A new deep learning computer model for testing bladder cancer patients in a biomedical clinic has been developed by researchers at the Georgia Institute of Technology and the Georgia Clinical and Translational Science Institute (GACT). The model, originally developed by Barry Misukow, professor of computer science at Georgia Tech, uses a bladder cancer hyper-specific antigen-specific T cell receptor (CAR) assay that also can be used to detect polycystic ovary syndrome (PCOS). This novel realization could lead to early detection of PCOS, a common female infertility disorder.
PCOS is commonly found in patients who carry a BRCA mutation, as well as other genes. The disease disrupts the function of female B cells, leading to infertility.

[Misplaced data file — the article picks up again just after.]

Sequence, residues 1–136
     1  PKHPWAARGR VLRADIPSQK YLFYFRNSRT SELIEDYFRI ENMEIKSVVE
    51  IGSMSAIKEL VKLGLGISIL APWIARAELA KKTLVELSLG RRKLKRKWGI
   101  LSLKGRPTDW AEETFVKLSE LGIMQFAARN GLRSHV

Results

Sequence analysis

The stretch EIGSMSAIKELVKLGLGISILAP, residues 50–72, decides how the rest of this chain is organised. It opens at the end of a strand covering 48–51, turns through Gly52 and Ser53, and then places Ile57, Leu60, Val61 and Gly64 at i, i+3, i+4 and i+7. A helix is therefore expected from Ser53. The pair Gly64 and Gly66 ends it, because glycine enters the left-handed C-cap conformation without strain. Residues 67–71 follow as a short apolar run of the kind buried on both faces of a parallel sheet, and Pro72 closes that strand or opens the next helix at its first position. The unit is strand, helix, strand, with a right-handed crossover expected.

GACT and GACT researchers, along with their Georgia Tech and University of Georgia colleagues, have developed a highly sensitive assay to detect hormone-sensitive breast cancers. This assay has the potential to be used in both screening and pill-delivery in women with PCOS or HER2-positive cancers, a common female infertility disorder.
The published research in the peer-review Group of Clinical Cancer at GACT’s National Center for Advancing Translational Sciences includes a study evaluating the impact of using the Gabby-Rad enough T cell for detecting polycystic ovary on the quality of treatment decisions of patients.
Specifically, tests have shown that this assay will produce more accurate use of scarce biopsies of the female reproductive system, specifically the large ovaries, the endometrial gland and the pituitary gland. “This work is also helpful in development of alternative diagnostic tools and in the development of diagnostic tools for other medically relevant disease processes, such as cervical cancer, ” said Dr. Christopher Dyer, assistant professor in the Georgia Institute of Technology’s Commodite and Cancer Center and one of the authors of the study.